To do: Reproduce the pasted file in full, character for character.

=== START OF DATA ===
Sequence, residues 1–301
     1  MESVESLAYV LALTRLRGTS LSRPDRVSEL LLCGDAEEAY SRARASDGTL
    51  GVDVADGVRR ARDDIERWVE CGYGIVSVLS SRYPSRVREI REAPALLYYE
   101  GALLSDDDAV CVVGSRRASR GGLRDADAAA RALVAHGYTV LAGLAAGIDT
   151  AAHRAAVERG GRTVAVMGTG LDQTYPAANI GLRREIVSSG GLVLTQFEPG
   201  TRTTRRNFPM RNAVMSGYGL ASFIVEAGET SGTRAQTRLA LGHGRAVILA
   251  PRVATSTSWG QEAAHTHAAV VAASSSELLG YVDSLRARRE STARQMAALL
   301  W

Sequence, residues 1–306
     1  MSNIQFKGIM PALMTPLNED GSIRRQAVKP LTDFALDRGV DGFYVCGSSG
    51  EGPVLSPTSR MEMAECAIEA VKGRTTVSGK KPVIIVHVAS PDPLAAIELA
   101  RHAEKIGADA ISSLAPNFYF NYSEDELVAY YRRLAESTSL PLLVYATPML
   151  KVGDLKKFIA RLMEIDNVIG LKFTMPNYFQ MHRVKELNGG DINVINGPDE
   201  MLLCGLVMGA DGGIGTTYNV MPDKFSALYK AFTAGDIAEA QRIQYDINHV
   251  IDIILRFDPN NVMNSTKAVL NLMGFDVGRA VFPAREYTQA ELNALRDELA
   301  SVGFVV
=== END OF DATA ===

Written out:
Sequence, residues 1–301
     1  MESVESLAYV LALTRLRGTS LSRPDRVSEL LLCGDAEEAY SRARASDGTL
    51  GVDVADGVRR ARDDIERWVE CGYGIVSVLS SRYPSRVREI REAPALLYYE
   101  GALLSDDDAV CVVGSRRASR GGLRDADAAA RALVAHGYTV LAGLAAGIDT
   151  AAHRAAVERG GRTVAVMGTG LDQTYPAANI GLRREIVSSG GLVLTQFEPG
   201  TRTTRRNFPM RNAVMSGYGL ASFIVEAGET SGTRAQTRLA LGHGRAVILA
   251  PRVATSTSWG QEAAHTHAAV VAASSSELLG YVDSLRARRE STARQMAALL
   301  W

Sequence, residues 1–306
     1  MSNIQFKGIM PALMTPLNED GSIRRQAVKP LTDFALDRGV DGFYVCGSSG
    51  EGPVLSPTSR MEMAECAIEA VKGRTTVSGK KPVIIVHVAS PDPLAAIELA
   101  RHAEKIGADA ISSLAPNFYF NYSEDELVAY YRRLAESTSL PLLVYATPML
   151  KVGDLKKFIA RLMEIDNVIG LKFTMPNYFQ MHRVKELNGG DINVINGPDE
   201  MLLCGLVMGA DGGIGTTYNV MPDKFSALYK AFTAGDIAEA QRIQYDINHV
   251  IDIILRFDPN NVMNSTKAVL NLMGFDVGRA VFPAREYTQA ELNALRDELA
   301  SVGFVV